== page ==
Artist Katie Hoffmeier uses a fascinating creative process to produce vividly colorful, contemporary abstracts. Visit her website to see more of her art.
Most days, I don’t know what I’m doing; a result of my brain’s constant struggle to balance intuition and logic.
Some artists seek to exhibit, but I seek to explore. Instead of presenting the results, I want to ask the questions and let the viewer decide the answer for themselves. Each question comes as a result of my logical brain trying to interfere in my intuitive creative process. “How can I do this? What happens when I mix these? How will my audience feel about this?” Multiple questions asked simultaneously—a beautifully maddening cacophony. I’ve often likened it to having several apps open on your phone at once. Sometimes, it helps to minimize or close them altogether.
I put a lot of thought into my art, like working a jigsaw puzzle or solving a maze from the end. I start with a rough composition, choosing which shapes I want to use and how I want to layer them. Then I map out the best order in which to mask them off.
Technical, right? Yes, but intuitive work is equally important in my art. For my new series, String Theory, the backgrounds are entirely spontaneous. Each is painted with reckless abandon.
The layering, glazing, color selection and negative space play is all based on gut-instinct! There is a ton of brain work during the initial stages, but it’s mostly intuition towards the end. I strive for balance in the work that reflects my own balance. In that way, my paintings are self-portraits.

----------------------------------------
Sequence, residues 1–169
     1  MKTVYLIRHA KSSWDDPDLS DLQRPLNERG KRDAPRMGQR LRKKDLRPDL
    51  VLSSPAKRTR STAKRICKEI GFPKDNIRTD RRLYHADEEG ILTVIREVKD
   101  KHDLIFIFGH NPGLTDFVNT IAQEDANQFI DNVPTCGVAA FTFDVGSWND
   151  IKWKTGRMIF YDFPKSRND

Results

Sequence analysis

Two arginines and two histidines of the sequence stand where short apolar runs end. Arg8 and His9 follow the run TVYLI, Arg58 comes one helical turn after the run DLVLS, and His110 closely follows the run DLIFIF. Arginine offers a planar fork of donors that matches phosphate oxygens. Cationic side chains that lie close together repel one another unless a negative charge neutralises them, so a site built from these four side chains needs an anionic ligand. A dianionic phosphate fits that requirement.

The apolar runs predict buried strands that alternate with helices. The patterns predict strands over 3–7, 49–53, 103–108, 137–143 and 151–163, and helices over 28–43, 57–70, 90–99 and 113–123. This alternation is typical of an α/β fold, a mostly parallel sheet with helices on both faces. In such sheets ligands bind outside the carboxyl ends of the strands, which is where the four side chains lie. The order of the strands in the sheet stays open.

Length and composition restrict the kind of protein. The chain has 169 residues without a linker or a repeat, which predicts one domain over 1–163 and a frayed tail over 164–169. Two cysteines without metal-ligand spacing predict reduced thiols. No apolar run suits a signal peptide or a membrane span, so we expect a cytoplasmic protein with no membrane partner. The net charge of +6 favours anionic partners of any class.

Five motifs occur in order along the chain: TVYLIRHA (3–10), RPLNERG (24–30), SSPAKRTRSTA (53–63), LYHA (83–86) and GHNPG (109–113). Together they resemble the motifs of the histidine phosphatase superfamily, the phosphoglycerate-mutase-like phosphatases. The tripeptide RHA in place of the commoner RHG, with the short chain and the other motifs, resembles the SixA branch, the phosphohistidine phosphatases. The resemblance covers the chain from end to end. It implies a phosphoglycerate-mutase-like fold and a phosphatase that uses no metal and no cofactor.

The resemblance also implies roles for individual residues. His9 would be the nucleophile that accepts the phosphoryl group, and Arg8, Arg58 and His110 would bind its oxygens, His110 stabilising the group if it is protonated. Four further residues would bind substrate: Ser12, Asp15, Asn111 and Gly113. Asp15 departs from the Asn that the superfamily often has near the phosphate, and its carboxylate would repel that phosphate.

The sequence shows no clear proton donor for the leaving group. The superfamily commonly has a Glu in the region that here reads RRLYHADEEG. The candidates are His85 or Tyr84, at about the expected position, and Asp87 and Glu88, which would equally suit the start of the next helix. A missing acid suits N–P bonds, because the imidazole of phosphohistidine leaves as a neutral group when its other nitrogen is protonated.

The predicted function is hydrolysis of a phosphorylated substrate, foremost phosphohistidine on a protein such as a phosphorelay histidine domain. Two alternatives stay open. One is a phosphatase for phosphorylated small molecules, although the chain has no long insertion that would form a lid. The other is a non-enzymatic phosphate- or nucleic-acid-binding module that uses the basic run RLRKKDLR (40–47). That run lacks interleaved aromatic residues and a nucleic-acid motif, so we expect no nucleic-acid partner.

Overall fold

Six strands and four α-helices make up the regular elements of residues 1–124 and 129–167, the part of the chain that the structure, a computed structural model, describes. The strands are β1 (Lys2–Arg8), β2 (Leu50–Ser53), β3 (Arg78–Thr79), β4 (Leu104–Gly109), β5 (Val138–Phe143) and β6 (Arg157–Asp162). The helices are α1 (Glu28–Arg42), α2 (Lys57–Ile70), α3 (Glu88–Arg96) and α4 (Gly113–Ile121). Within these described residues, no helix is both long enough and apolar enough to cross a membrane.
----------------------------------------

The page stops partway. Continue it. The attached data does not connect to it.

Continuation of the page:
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Here’s how I do it. I create line drawings that I want to layer over a prepared background. Then I try them on for size, turning and editing the mockup until it feels right.
The blank canvas has never made me nervous. But covering up something beautiful, hoping to take it to the next level gives me pause. Imagine creating a vibrant, color-filled, texture-infused background—got it? Now, grab a paintbrush full of black paint and paint over most of it. It’s terrifying! Creating digital mockups gives me the confidence that my next move is the right one.
Some artists are opposed to technology and may consider it cheating. I did too, for a while. Being open-minded to new ideas and methods allows me to keep growing. Now, technology is an extension of my brain the same way a paintbrush is an extension of my arm.
I never want to get comfortable in my studio. I believe in constant exploration, discovery and self-imposed challenges. But I don’t believe in limits or impossibilities; it is a matter of determination and willingness to fail. I invite failure into my studio daily. Every failure has a success tailing not far behind.
It took me a long time to get comfortable with being uncomfortable, but having a process in place and knowing that I thought about every angle allows to make peace with the pieces. Now it’s less about the end result and more about the journey itself.
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